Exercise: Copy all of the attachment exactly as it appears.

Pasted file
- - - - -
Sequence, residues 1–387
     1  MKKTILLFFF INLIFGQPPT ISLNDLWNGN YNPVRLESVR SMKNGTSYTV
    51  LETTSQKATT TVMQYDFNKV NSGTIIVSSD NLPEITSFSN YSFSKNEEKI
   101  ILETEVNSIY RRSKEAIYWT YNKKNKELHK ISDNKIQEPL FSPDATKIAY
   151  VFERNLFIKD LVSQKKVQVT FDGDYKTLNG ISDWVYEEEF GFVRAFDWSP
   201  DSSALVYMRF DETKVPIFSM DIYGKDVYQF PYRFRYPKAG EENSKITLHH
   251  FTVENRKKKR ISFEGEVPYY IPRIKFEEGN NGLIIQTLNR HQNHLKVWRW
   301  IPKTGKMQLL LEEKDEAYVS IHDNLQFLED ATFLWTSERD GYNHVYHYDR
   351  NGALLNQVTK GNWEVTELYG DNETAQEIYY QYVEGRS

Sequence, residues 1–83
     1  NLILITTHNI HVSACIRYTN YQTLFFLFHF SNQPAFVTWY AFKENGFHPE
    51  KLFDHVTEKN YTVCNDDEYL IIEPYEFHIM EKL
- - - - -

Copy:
Sequence, residues 1–387
     1  MKKTILLFFF INLIFGQPPT ISLNDLWNGN YNPVRLESVR SMKNGTSYTV
    51  LETTSQKATT TVMQYDFNKV NSGTIIVSSD NLPEITSFSN YSFSKNEEKI
   101  ILETEVNSIY RRSKEAIYWT YNKKNKELHK ISDNKIQEPL FSPDATKIAY
   151  VFERNLFIKD LVSQKKVQVT FDGDYKTLNG ISDWVYEEEF GFVRAFDWSP
   201  DSSALVYMRF DETKVPIFSM DIYGKDVYQF PYRFRYPKAG EENSKITLHH
   251  FTVENRKKKR ISFEGEVPYY IPRIKFEEGN NGLIIQTLNR HQNHLKVWRW
   301  IPKTGKMQLL LEEKDEAYVS IHDNLQFLED ATFLWTSERD GYNHVYHYDR
   351  NGALLNQVTK GNWEVTELYG DNETAQEIYY QYVEGRS

Sequence, residues 1–83
     1  NLILITTHNI HVSACIRYTN YQTLFFLFHF SNQPAFVTWY AFKENGFHPE
    51  KLFDHVTEKN YTVCNDDEYL IIEPYEFHIM EKL